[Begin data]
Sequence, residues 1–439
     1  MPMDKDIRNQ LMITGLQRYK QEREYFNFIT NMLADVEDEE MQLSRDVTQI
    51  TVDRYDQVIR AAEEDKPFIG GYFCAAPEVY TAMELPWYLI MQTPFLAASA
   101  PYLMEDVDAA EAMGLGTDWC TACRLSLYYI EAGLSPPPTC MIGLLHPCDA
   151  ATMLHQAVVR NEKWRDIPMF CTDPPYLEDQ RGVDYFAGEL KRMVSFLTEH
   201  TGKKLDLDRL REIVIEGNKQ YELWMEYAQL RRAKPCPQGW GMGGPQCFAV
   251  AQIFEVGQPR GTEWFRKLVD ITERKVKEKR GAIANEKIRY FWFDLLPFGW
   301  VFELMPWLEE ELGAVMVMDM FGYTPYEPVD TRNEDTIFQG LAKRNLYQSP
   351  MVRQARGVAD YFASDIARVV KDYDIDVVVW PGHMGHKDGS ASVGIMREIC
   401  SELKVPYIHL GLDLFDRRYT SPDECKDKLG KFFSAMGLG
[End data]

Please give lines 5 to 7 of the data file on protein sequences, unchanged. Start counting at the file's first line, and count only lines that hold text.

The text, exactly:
   151  ATMLHQAVVR NEKWRDIPMF CTDPPYLEDQ RGVDYFAGEL KRMVSFLTEH
   201  TGKKLDLDRL REIVIEGNKQ YELWMEYAQL RRAKPCPQGW GMGGPQCFAV
   251  AQIFEVGQPR GTEWFRKLVD ITERKVKEKR GAIANEKIRY FWFDLLPFGW